Wednesday, September 28, 2011

The Dead Sea Scroll

The deteriorating and much sought-after Dead Sea scrolls are being digitized and will be made available to the public and researchers on the Internet, Israel authorities announced this past week.

Israel Antiquities Authority, the keeper of the scrolls, said it has begun the two-year process to digitally photograph every fragment of the more than 2,000-year-old ancient text.

High-tech digital technology will not only help preserve the manuscripts and make it available to a wider audience, but will also help reveal text that is not visible to the naked eye.

“Just by applying the latest infrared technologies and shooting at very high detail, lots of resolution, we are already opening up new characters from the scrolls that are either extremely indistinct or you just couldn’t see them before,” said Simon Tanner, director of King’s Digital Consultancy Services, according to CNN.

Tanner is on the team in charge of the digital project, which includes Greg Bearman – a retired scientist with NASA’s Jet Propulsion Laboratory. Bearman pioneered archaeological digital imaging.

“To switch over to digital is really the way to go, and people were resistant to it initially, because it was a new way of doing stuff,” Bearman said. “They want their light table and their magnifying glass.”

But with digital imaging, he said, “You can see where the ink has broken away and you can see the texture of the animal skin, so you can see more detail than you can see with the naked eye.”

The Dead Sea Scrolls are the oldest written record of the Bible’s Old Testament found to date, and include texts that reveal the life of early Christians in the Holy land.

Some were initially discovered in 1947 by a Bedouin shepherd in a cave in the Judean Desert while searching for a lost sheep or goat. The scrolls were found wrapped in linen inside earthenware jars. More scrolls were then found in 11 caves.

“They show the connection between Christianity, Judaism and how everything evolved from the God – the God is one God,” said Shor, head of treatment and conservation at the Antiquities Authority. “The scrolls are meant to bring us all together.”

The scrolls have only once been photographed in the 1950s, but some of the images have disintegrated, the Antiquity Authority informed.

In the past, people complained that only a handful of scholars could examine the scrolls.

Now, Shor says that the digitalised scrolls can be available in its entirety online to everyone.

“The Bible is sacred to us and to you and to all the monotheistic religions, and therefore [the scrolls] are national treasures and world treasures, and therefore it is our duty to preserve them at least for 2,000 years more,” she said.

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PM umum dana RM10 juta pelajar PhD

KUALA LUMPUR - Datuk Seri Najib Tun Razak semalam mengumumkan penubuhan Ainuddin Wahid Endowment Fund dengan dana RM10 juta bagi membiayai pelajar peringkat ijazah doktor falsafah (PhD) di Universiti Teknologi Malaysia (UTM).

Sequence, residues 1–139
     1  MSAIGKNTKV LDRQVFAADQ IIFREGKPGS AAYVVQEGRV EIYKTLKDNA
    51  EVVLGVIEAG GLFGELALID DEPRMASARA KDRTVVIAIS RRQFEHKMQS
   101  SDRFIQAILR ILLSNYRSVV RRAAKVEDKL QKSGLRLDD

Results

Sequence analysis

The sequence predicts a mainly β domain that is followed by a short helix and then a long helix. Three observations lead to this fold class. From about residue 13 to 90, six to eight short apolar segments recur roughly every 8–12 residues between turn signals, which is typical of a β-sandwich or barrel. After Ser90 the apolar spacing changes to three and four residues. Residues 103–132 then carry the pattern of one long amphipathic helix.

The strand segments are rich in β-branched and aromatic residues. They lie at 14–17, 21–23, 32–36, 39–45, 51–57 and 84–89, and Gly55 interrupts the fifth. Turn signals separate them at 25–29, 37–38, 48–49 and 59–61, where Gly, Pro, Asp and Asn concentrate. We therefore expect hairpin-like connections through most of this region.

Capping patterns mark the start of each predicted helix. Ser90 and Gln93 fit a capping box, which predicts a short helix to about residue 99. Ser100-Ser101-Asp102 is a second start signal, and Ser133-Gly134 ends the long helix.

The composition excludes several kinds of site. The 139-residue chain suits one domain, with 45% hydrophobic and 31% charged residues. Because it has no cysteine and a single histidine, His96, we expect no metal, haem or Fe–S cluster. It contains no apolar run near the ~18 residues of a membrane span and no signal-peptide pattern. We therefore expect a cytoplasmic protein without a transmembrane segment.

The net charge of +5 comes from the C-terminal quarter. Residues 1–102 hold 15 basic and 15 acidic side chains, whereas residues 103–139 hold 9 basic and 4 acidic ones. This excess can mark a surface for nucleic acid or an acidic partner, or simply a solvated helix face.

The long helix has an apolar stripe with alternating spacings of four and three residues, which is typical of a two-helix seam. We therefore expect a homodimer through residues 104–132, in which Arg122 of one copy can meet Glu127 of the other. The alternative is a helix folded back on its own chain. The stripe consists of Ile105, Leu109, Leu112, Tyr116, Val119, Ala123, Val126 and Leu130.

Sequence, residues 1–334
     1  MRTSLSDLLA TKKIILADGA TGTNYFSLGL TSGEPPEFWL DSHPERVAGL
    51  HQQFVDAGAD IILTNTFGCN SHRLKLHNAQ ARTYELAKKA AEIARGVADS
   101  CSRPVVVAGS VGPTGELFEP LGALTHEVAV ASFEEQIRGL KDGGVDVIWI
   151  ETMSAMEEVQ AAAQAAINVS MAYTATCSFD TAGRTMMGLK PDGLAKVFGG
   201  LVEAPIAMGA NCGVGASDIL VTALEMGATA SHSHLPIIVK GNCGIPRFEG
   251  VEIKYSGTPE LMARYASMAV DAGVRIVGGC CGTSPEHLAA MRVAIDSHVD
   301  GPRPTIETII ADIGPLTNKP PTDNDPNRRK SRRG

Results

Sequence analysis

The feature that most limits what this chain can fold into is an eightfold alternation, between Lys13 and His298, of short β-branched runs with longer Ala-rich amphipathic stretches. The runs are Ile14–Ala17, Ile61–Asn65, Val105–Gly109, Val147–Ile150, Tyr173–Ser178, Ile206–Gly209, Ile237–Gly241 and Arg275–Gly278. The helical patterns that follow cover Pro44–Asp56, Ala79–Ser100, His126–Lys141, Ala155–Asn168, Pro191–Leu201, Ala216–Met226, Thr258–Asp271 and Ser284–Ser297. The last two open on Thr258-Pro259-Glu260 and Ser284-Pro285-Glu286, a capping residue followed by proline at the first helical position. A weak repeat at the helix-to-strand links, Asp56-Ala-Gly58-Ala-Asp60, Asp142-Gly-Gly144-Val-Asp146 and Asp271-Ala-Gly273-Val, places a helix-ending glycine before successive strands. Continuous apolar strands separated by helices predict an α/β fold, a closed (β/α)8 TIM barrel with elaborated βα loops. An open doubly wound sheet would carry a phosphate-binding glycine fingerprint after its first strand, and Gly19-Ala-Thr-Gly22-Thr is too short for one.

Perdana Menteri berkata, dana berkenaan akan diagihkan secara berperingkat dengan peruntukan RM2 juta setahun untuk tempoh lima tahun.

Ketika melancarkan biografi Ainuddin Pejuang Degil Melayu di UTM, Jalan Semarak di sini, beliau berkata, dana itu akan digunakan untuk membiayai lima pelajar PhD setiap tahun yang daripada kumpulan 'creme de la creme' iaitu yang terbaik.

"Pelajar-pelajar PhD yang dibiayai oleh dana ini juga berpeluang untuk mengikuti sandaran selama enam bulan semasa pengajian di salah sebuah institusi akademik tersohor dunia iaitu Universiti Oxford, Cambridge, MIT atau Imperial College," katanya.

Dalam ucapannya, Najib juga mengingatkan rakyat supaya tidak sekali-kali melupakan sejarah dan perjuangan pemimpin terdahulu yang menyumbang kepada kemakmuran negara yang dinikmati hari ini.

Wednesday, September 14, 2011

160 million year fossil...

A five-year-old girl in Britain has found a massive 160 million-year-old fossil while digging with her plastic beach spade. Emily Baldry found the pre-historic specimen at Cotswold Water Park in Gloucestershire, Daily Express reported on Friday. She was digging when her plastic spade struck something hard.

Her father Jon and palaeontologist Neville Hollingworth helped Emily dig it out and were left amazed to find a rare fossil. It was of a mollusc that lived in the oceans in the Jurassic period. "She (Emily) is a very inquisitive little girl and got very excited about going on a proper dig. To find something like this was very special," Jon was quoted as saying. Palaeontologist Hollingworth said: "I have been looking for these for around 25 years and only found three."

Fosil 160 Juta Tahun

TAMAN AIR COTSWOLD, Britain - Seorang budak berusia lima tahun, Emily Baldry menemui fosil cangkerang berusia lebih 160 juta tahun selepas menggali tanah dengan menggunakan sebatang penyodok yang selalu digunakan untuk membina istana pasir, lapor sebuah akhbar semalam.

Emily menemui fosil seberat 57 kilogram itu yang jarang didapati itu di kawasan Taman Air Cotswold di sini dengan bantuan bapanya Jon, 40, pada Mac tahun lalu.

Fosil lengkap berdiameter hampir 40.6 sentimeter itu berasal daripada haiwan moluska yang mempunyai cangkerang yang hidup di lautan.

Ia kini disimpan di kediaman keluarga berkenaan di sini setelah ia dipamerkan kepada umum. Cangkerang itu diberi nama Spike oleh Emily.

Selepas cangkerang itu ditemui, dia menyerahkannya kepada seorang ahli geologi, Neville Hollingworth untuk dibersihkan.

Emily yang kini berusia enam tahun berasa gembira apabila melihat cangkerang itu yang kelihatan berkilat semasa ia dipamerkan di Pusat Penerangan Gateway dekat Cirencester pada Ahad lalu.

Menurut bapa Emily, cangkerang itu akan dibawa pulang ke rumah selepas tempoh ia dipamerkan.

Sumber artikel : Kosmo Online - Dunia
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